It’s not just the way you are perceived today, it is your ongoing opportunity to establish your own personality.  To decide how you want people to feel about your brand.

 

This brand personality can include character traits like serious, confident, fun, playful, helpful, or provocative.  Which of those words sound like a fit to you?

 

Where should I be sharing my personality?

 

Once you have a clear personality, that needs to be obvious wherever your product or service is delivered. Your website needs to be written with a voice and style that conveys your personality.

 

Whether you are established on social networks or just getting started on Twitter, this is a perfect place to be your authentic self and begin attracting people.

 

Your packaging, storefront, menu, employees all can and should be an ongoing visual representation. A regular relationship builder.

 

What will I gain by having a clearly defined brand personality?

 

You will more effectively reach and attract more target customers. Simple as that. But you won’t reach everybody. And that scares people sometimes.

 

What if I push people away because my personality is too obvious?

 

If you’re not pushing a few people away, you’re not really attracting anyone. You are bland  – just like so many others.

 

So create a personality that fits you, your approach to the category or market, and your brand promise. Your business will get stronger as a result of you thinking more clearly about your core audience and what aspects of your personality they’d like to see.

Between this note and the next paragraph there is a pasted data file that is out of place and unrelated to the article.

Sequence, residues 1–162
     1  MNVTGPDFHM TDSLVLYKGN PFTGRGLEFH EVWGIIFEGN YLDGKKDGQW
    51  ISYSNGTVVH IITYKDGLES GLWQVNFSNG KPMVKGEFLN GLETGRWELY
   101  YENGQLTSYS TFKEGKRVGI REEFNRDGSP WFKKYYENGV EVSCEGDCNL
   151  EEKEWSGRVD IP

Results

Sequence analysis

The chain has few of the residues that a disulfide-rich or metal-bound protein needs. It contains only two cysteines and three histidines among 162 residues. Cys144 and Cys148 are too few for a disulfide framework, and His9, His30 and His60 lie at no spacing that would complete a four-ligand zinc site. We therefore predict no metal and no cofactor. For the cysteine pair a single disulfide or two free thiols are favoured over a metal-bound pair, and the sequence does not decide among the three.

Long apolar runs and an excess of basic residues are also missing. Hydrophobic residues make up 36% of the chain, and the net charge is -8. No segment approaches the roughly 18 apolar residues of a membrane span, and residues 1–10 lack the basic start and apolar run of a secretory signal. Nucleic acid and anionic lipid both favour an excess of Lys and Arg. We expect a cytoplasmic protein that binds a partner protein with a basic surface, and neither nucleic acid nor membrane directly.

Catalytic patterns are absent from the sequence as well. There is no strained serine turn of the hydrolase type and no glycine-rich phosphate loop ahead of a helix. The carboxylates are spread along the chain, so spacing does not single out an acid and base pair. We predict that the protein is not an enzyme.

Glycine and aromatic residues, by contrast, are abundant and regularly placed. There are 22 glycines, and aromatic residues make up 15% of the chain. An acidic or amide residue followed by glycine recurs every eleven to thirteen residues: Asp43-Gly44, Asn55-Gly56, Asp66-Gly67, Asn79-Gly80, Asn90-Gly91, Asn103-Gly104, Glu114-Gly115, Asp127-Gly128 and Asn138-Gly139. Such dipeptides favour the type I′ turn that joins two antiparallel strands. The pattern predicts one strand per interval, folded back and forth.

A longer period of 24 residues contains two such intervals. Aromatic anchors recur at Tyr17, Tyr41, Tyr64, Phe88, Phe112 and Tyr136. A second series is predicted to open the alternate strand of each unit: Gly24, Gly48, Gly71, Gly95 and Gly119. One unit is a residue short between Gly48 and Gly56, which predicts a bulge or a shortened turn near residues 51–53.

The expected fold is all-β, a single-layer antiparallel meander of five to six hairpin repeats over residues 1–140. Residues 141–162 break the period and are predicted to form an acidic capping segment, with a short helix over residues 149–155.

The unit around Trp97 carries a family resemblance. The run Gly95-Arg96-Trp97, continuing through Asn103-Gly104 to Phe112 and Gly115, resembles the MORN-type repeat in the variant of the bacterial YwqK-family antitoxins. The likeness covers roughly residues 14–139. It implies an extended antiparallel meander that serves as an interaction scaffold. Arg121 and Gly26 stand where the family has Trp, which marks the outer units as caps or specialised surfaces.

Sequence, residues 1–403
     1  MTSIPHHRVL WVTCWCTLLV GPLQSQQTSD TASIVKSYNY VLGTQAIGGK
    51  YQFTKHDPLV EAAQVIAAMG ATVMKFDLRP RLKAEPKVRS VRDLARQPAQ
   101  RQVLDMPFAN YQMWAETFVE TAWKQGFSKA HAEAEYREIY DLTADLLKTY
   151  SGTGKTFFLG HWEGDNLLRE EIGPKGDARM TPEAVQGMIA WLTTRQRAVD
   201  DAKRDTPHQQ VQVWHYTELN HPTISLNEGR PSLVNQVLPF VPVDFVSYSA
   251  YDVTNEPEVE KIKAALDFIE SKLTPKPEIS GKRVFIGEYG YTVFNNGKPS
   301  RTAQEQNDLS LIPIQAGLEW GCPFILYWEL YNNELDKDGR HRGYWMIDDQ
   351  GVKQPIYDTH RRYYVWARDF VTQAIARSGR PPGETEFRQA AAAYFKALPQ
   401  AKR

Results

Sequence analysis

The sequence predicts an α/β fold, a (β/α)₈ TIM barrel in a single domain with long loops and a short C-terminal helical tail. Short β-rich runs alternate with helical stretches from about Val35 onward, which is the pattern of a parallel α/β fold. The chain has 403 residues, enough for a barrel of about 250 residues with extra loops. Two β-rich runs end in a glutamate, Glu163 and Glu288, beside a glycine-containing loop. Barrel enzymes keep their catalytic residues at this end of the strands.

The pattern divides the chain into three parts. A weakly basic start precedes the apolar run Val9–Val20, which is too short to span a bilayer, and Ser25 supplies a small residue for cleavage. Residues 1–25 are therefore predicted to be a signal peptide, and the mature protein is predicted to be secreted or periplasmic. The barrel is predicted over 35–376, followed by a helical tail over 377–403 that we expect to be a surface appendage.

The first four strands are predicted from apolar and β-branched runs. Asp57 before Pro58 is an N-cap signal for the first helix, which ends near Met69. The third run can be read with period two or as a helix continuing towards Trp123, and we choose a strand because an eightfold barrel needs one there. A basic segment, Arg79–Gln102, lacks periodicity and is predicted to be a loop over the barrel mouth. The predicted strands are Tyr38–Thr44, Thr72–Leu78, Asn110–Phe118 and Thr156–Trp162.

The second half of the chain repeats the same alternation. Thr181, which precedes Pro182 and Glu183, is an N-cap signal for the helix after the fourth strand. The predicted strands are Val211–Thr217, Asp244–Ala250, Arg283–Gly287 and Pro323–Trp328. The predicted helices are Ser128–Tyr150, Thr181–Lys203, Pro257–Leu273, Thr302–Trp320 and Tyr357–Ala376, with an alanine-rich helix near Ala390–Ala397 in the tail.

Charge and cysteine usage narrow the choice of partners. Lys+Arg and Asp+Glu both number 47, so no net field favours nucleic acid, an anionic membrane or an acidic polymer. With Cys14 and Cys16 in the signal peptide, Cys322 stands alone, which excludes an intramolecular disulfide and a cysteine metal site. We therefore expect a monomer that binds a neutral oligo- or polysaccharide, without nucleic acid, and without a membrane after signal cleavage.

So how can I help?

 

Thanks UggBoy♥UggGirl for the great photo via Flickr

 

Tim Tyrell-Smith focuses on marketing, brand development and business strategy for emerging and established organizations. A veteran executive in consumer marketing, Tim started his marketing career with Nestle USA and has since worked in product management on premium brands including Nestle Quik, Tree Top Apple Juice, Mauna Loa Macadamias and Meguiar’s Car Wax. He was most recently Vice President of Marketing for a private equity owned food company in Southern California. He lives with his wife and three kids in Mission Viejo, California.

Tim Tyrell-Smith – who has written posts on Fix, Build And Drive™.


About the Author

Tim Tyrell-Smith focuses on marketing, brand development and business strategy for emerging and established organizations. A veteran executive in consumer marketing, Tim started his marketing career with Nestle USA and has since worked in product management on premium brands including Nestle Quik, Tree Top Apple Juice, Mauna Loa Macadamias and Meguiar’s Car Wax. He was most recently Vice President of Marketing for a private equity owned food company in Southern California. He lives with his wife and three kids in Mission Viejo, California.

Comments (9):

  1. Tim, I like your tips. I try to apply them to my personal brand, also. Not fully there yet, but I’m making progress.

  2. Thanks Wayne – progress is all I ask! Thanks for letting me now. :-)

  3. Solid read Tim! thanks! excellent pointers. All the best

    • Thanks Louis – appreciate that feedback. Come back soon…